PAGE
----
Needle insertion through the skin is the most common source of iatrogenic pain, and 'needlephobia' can seriously compromise medical care. There have been several efforts to reduce needleinduced pain or distress4'5. However, even if a uniform nociceptive stimulus is applied, individuals may complain of pain to varying degrees because pain is a subjective experience to a noxious stimulus and many individual factors contribute to pain perception. For this reason, the objective quantification of individual pain intensity and identification of the factors influencing pain perception are very important for the ultimate reduction of pain in medical practice.
There have been several studies on vaccinerelated pain in children, but few such studies have been conducted in adults. Numerous studies have examined the individual factors influencing pain perception using thermal,6-9 cold pressor,10, 11 mechanical,12 ischemic,13, 14 chemical15, 16 or electrical17-19 stimuli to provoke pain. However, these studies have limitations for clinical application because they were either laboratory-based or used only noninvasive noxious stimuli. Furthermore, the results of these studies were inconsistent and depended on the pain provocation method. Consequently, these studies have limitations to actual clinical applications involving vaccine-injection pain in adults. The purpose of our study was to identify which patient characteristics represent the main influence on pain perception during intramuscular (IM) vaccine injection in adults.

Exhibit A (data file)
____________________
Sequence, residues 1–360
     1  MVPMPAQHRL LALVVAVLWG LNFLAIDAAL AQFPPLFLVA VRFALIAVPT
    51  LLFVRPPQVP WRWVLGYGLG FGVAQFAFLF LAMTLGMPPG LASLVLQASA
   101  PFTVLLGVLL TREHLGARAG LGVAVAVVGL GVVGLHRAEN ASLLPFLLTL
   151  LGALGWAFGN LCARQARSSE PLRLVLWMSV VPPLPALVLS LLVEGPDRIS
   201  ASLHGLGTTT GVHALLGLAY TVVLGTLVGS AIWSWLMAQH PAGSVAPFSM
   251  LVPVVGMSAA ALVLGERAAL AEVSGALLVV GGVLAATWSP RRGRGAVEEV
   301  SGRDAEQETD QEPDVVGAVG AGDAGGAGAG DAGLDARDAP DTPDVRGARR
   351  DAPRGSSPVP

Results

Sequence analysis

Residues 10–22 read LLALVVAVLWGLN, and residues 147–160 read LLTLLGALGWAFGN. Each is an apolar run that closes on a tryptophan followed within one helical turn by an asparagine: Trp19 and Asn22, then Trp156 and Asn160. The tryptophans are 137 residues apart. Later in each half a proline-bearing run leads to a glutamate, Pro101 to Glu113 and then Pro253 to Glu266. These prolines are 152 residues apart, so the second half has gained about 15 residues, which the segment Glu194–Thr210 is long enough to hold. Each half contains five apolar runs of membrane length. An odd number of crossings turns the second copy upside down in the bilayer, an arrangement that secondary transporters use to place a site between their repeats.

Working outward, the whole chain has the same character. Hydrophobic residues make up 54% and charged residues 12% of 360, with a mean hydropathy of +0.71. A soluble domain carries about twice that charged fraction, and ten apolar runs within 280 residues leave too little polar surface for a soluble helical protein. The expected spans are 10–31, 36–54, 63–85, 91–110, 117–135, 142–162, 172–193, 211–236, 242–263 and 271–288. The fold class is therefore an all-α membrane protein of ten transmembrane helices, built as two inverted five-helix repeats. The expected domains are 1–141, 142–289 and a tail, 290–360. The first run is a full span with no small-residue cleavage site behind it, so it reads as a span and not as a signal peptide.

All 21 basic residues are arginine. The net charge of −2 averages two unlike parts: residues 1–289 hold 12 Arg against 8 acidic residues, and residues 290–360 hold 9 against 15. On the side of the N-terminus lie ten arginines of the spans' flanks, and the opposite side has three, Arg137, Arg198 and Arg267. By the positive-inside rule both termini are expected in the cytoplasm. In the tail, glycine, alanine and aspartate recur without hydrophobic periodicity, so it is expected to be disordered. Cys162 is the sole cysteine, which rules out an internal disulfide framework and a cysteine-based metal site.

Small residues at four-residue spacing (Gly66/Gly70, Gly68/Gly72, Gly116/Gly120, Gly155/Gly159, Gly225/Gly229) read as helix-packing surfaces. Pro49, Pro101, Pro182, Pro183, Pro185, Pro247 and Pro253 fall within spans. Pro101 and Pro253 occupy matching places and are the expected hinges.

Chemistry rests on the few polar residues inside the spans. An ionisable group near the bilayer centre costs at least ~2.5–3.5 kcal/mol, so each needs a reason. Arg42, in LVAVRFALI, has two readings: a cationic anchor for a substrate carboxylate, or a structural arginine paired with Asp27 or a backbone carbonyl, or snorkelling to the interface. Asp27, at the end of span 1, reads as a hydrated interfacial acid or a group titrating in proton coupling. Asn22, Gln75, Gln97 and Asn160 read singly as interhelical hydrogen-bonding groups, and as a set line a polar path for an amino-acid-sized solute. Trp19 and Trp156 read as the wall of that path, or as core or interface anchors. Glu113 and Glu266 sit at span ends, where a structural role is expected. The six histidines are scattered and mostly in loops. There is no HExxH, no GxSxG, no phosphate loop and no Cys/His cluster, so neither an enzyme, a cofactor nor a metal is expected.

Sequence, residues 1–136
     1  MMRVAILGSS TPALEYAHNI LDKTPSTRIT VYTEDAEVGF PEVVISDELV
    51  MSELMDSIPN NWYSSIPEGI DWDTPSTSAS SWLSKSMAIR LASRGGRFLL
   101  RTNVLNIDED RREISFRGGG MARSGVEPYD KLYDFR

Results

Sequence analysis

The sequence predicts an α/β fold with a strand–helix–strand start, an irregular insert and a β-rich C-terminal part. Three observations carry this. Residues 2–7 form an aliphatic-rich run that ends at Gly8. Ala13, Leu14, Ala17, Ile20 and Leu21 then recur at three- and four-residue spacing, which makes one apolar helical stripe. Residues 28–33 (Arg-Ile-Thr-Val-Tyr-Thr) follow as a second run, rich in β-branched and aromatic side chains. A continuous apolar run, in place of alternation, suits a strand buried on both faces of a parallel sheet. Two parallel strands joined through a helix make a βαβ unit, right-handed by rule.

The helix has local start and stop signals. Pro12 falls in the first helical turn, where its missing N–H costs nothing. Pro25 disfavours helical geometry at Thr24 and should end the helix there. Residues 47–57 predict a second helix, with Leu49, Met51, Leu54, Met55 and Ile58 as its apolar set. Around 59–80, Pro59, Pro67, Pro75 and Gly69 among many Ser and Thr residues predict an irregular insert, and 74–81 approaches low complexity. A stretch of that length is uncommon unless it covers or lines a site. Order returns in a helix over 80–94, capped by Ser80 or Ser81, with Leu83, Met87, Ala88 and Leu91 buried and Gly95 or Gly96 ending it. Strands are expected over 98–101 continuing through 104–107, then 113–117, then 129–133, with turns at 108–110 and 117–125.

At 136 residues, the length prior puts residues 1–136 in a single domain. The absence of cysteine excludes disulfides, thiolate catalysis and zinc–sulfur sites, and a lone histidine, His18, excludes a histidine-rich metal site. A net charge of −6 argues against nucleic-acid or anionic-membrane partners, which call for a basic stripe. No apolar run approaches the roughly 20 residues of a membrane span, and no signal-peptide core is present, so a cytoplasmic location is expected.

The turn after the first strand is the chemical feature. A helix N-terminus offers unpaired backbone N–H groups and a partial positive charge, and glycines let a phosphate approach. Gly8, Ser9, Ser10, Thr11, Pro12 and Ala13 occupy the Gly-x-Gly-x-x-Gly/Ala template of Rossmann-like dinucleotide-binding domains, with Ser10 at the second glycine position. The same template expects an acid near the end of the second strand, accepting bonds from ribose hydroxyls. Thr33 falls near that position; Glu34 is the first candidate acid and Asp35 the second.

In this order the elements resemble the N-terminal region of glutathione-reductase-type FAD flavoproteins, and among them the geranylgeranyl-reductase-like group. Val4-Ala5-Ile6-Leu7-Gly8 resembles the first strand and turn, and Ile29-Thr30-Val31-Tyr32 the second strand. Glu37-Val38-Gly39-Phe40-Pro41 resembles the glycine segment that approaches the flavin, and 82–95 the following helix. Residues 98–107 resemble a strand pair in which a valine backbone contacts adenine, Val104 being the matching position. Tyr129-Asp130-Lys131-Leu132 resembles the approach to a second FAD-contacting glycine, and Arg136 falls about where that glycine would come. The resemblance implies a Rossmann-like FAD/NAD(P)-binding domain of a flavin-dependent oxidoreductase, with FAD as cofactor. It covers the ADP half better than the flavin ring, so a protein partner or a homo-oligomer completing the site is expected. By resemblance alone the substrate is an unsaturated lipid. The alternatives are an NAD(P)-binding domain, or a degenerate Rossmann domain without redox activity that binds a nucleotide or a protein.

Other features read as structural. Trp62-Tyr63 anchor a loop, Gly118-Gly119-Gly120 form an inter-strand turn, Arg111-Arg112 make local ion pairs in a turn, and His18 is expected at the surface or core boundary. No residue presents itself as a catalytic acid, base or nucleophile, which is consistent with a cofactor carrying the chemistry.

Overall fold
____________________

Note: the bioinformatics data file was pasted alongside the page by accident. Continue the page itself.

Material and Methods